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E.g., 09/20/2017
E.g., 09/20/2017
Your search has returned 17 images:
  • illustration of classroom brain chairs
  • Black-legged tick
  • Jupiter's south pole
Your search has returned 48 articles:
  • Feature

    Teaching methods go from lab to classroom

    Sure, students in the classroom have to remember facts, but they also have to apply them. Some research efforts to enhance learning zero in on methods to strengthen memory and recall, while others bolster students’ abilities to stay on task, think more fluidly and mentally track and juggle information.

    But there’s a catch. The science behind student learning is so far based on carefully...

    09/05/2017 - 08:00 Psychology, Science & Society
  • Feature

    Ticks are here to stay. But scientists are finding ways to outsmart them

    Thanks, Holly Gaff. Soon, anyone straining to tweeze off a mid-back tick can find answers to the obvious question: What if humankind just went after the little bloodsuckers with killer robots?

    Gaff, who calls herself a mathematical eco­epidemiologist, at Old Dominion University in Norfolk, Va., is one of the few people collecting real field data on the efficacy of tick-slaying robots....

    08/09/2017 - 11:00 Animals, Science & Society
  • Science & the Public

    Citizen scientists are providing stunning new views of Jupiter

    Stormy, with a good chance of cyclones. That’s the forecast for Jupiter’s south pole — a region never seen before but quickly coming into focus with the help of citizen scientists.

    Music producer Roman Tkachenko’s edited image of Jupiter’s nether regions (featured above) is a perfect example. His enhancements make the swirling cyclones and white oval storms really pop compared with the...

    02/17/2017 - 06:00 Astronomy, Technology
  • News

    Cancer studies get mixed grades on redo tests

    An effort to reproduce findings of five prominent cancer studies has produced a mixed bag of results.

    In a series of papers published January 19 in eLife, researchers from the Reproducibility Project: Cancer Biology report that none of five prominent cancer studies they sought to duplicate were completely reproducible. Replicators could not confirm any of the findings of one study. In...

    01/18/2017 - 16:42 Science & Society, Cancer
  • News

    Monitoring online groups offers insight into ISIS attacks

    Social media supporters of the Islamic State, or ISIS, form online groups that may provide clues crucial to predicting when terrorist attacks will take place, a new analysis finds.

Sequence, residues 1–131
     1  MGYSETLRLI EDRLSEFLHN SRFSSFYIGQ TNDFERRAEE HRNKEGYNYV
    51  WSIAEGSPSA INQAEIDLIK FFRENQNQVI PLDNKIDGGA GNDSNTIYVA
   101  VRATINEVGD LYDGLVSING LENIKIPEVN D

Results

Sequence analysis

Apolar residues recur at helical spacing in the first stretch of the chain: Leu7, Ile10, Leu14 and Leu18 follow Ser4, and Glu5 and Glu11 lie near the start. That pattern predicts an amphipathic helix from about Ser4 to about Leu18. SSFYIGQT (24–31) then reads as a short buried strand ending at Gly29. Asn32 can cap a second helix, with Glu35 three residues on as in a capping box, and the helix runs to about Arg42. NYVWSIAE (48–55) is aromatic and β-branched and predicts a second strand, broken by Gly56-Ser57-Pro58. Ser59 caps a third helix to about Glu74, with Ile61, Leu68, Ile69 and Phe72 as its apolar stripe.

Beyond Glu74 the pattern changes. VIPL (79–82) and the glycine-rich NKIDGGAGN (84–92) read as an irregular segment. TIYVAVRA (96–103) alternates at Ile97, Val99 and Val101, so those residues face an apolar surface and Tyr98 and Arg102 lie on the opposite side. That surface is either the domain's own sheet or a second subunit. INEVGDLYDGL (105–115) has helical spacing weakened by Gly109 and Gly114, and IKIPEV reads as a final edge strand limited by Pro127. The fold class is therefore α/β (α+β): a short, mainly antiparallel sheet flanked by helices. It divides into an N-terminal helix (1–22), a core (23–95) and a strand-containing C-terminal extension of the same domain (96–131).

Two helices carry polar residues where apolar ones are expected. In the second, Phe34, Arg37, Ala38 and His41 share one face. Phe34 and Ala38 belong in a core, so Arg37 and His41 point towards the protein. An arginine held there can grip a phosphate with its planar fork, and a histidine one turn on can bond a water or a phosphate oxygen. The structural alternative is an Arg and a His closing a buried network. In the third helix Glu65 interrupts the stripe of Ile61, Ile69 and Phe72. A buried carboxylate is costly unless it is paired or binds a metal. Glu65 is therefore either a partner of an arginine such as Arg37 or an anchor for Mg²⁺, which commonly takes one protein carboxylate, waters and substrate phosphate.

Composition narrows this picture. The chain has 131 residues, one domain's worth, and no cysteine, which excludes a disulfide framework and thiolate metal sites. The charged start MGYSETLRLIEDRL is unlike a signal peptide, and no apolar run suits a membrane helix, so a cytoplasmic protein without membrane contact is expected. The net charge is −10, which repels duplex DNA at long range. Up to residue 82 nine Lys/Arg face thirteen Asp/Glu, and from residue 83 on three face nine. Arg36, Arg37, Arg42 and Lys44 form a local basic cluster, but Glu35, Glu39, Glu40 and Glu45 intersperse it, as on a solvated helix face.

These virtual communities drive ISIS activity on a Facebook-like site called VKontakte, say physicist Neil Johnson of the University of Miami in Coral Gables, Fla., and colleagues. VKontakte, a social...

    06/16/2016 - 14:21 Networks, Computing
  • Feature

    Gun research faces roadblocks and a dearth of data

    Buying a handgun in Connecticut means waiting — lots of waiting. First comes an eight-hour safety course. Then picking up an application at a local police department. Review of the application (which includes a background check and fingerprinting) can take up to eight weeks. If approved, the state issues a temporary permit, which the buyer trades in at state police headquarters for a permanent...

    05/03/2016 - 15:00 Science & Society, Mental Health, Health
  • Feature

    Year in review: Pluto unveiled as a world like no other

    View the video

    Mountains of water ice tower thousands of meters over fields of frozen nitrogen and methane. Glaciers etched with channels hint at heat bubbling up from below. A patchwork of new and old terrains — some laid down in the last 10 million years, some as old as the planet itself — blanket the ground. And what appear to be two ice volcanoes punch through the terrain.

    The...

    12/15/2015 - 07:05 Planetary Science
  • Feature

    Getting creative to cut methane from cows

    View the video

    In a pasture outside Edmonton, Canada, you’ll find a few dozen cows doing what cows do: mostly eating. The average animal spends eight-plus hours a day filling its belly, or as is the case with cows, bellies. Along with that enormous appetite, cows are born with the ability to digest almost any plant they can chew, thanks to a multichambered stomach and a helpful army of...

    11/18/2015 - 16:36 Animals, Microbes, Climate
  • News

    Pluto’s smaller moons pose mysteries

    Pluto and Charon might have been the stars of the New Horizons mission, but the dwarf planet’s four smaller moons have some surprises to share as well.

    With images of Kerberos transmitted from the spacecraft on October 20, the Pluto family portrait is complete. The tiny moons Nix, Hydra, Kerberos and Styx are no longer pinpricks of light but textured, misshapen balls of ice that look...

    11/02/2015 - 06:00 Planetary Science
  • Science Ticker

    The wait for more Pluto data is almost over

    Get ready, we’re about to be inundated with postcards from Pluto. On September 5, the New Horizons spacecraft, now more than 62 million kilometers beyond Pluto, will begin a roughly year-long download of all the data it acquired during its brief visit with the dwarf planet in July. Only a few percent of that data was sent to Earth shortly after the encounter.

    It’s about time. Without new...

    09/04/2015 - 17:45 Planetary Science